Tag Archives: funeral

Introspection

Today I have yahrzeit for my dad. It’s been seventeen years since he departed this earth, in his mid-forties. It’s just always such a strange day for me. It’s hard not to wonder about what might have been. My folks were divorced since I was a little kid, we stayed in England, and my dad ended up living in Monsey, NY at the time of his passing. Small world. As I have written before, we didn’t have much of a relationship. I spent much of my teenage years angry with him, blaming him, not wanting to see him. I guess much of that is typical for a girl of that age dealing with those issues.

I spent his last five weeks with him. I’d like to feel that, even though he wasn’t conscious, we made our peace with each other. However I do feel cheated. I never got the chance to talk to him as an adult. He never got the chance to walk me down the aisle, or to hold any one of his 15 grandbabies. He never got to experience his kids as grown ups and to shepp nachas from us. He lost out, big time.

My dad was married twice and had 5 kids. I was from his first marriage and the only daughter. From everything I have read little girls are supposed to have a bond with their daddy, be daddy’s little girl. I never had that and I feel that I missed out. What would that have been like, I often wonder. I would listen to songs like Butterfly Kisses and cry because I hadn’t had that. It hurt. Perhaps my Dad couldn’t relate to the girlieness as he was so surrounded with boys. We didn’t really have girls in the family. I was the first on his side in several generations. Now BH we have plenty girl children amongst the grandchildren. (Not mine, interesting how that works). Or perhaps he just couldn’t relate to kids at all. I will never know.

In the summer we celebrated “Squiggy’s” barmitzvah. Squiggy was named for my Dad, and I wrote about the conflicting emotions leading up to that auspicious day. This child reminds me of my Dad – the way he looks (their baby pictures are almost identical), and some of his behaviour. There is so much in a name and this kid is such a Sabo!!

One wonders, though, if he had lived, what kind of relationship would we have now with each other. Would we have been able to move forward, leave the past in the dust, and forge some kind of adult relationship? Can that happen? It’s just weird how now I am moving to his last city of residence and he isn’t there. People still remember him, and I have been asked a time or two if I am his daughter. Even that is weird for me, because most of my life I felt like I was my mother’s daughter only. After all, she did raise me and did a damn fine job if you ask me.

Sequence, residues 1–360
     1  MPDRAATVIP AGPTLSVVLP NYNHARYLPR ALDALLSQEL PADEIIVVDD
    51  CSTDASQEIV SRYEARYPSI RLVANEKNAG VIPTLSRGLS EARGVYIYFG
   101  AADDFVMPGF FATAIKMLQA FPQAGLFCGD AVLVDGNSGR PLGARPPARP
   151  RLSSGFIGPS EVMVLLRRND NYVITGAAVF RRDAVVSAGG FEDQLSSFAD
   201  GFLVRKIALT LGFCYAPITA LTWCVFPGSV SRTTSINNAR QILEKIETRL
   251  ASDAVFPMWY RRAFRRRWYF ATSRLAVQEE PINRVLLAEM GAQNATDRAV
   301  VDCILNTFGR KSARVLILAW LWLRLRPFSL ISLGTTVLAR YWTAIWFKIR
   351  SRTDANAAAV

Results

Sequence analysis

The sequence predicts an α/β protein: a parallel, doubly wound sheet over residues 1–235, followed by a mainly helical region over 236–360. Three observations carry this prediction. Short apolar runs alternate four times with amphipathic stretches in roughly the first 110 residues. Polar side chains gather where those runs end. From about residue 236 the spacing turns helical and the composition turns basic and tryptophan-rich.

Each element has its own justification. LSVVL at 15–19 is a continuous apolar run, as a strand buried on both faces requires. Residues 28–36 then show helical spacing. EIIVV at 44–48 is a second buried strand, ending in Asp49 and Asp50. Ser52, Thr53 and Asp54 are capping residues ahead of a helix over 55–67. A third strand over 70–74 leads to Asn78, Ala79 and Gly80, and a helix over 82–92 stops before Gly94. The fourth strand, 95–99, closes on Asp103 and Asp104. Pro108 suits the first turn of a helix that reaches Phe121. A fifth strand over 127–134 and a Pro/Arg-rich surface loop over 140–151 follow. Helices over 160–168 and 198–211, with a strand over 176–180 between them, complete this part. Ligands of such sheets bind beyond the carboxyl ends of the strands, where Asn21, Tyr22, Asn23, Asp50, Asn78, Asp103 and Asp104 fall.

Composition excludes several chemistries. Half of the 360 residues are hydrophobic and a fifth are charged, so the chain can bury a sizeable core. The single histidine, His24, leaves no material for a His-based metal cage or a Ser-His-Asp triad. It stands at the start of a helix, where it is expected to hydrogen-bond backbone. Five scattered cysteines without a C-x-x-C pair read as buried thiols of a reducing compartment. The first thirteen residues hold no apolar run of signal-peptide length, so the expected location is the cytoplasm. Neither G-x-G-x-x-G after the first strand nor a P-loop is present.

So many disjointed thoughts are going through my head. I remember the funeral. We held it at a cargo bay at JFK as he was to be laid to rest in Israel. I remember the forklift truck picking up his coffin to transport it to the airplane and I tried to run after it to stop them. I was 19 and I was in such pain. I wanted them to bring my Dad back. It just seemed so undignified. I sat down on the floor amongst all the pallets and boxes and howled. The rabbi made me stand up so he could do kriah. He told me to accept the fact my dad was dead. Hard words, but necessary. At the other end of the plane journey my brothers met his coffin and escorted him to his final resting place. I will always regret not getting on the plane and travelling to Israel for the second funeral. I needed the closure of seeing his body being placed in the ground. I have since visited his grave site, where 4 years after losing his only child my dear Saba (grandfather) was buried next to him, and where only three years later we buried my dear Savta (grandmother) next to him. My father was sadly joined by his second wife two years ago, also taken tragically early in the prime of her life. So much loss, so much sadness. I take comfort in my children who bring so much joy to my life, in my husband who completes me in a way I never thought possible.

I must look to the future and not dwell in the past. But today I honour my father’s memory as without him I would not be here today.

Rest in Peace.

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With death comes honesty

I have a neighbor in my building who is quite a kooky character but a lovely man. He always looks upbeat and happy, but seems sometimes kind of lonely. Anyhow, he is Jewish but is very firm in not believing in the Jewish traditions. However, he has respect for the way we live our life and is very careful not to denigrate any of our practices.

He recently told me that when he dies he wants to be cremated, by the funeral home, with no service. He said he didn’t want people standing up at a funeral ceremony and spouting bull*&^% about what a wonderful man he was. He doesn’t want the hypocrisy and the shallow pomp and circumstance. He wants his son to scatter his ashes and just move on with his life.

He has a point. I am sure we have all been to funerals of people who were just regular people, but in death they seemed to have attained sainthood. But that doesn’t explain cremation, just not wanting a service. Although knowing my neighbor he probably doesn’t want a shrine to his memory, hence the scattering of his ashes.

What do you think?

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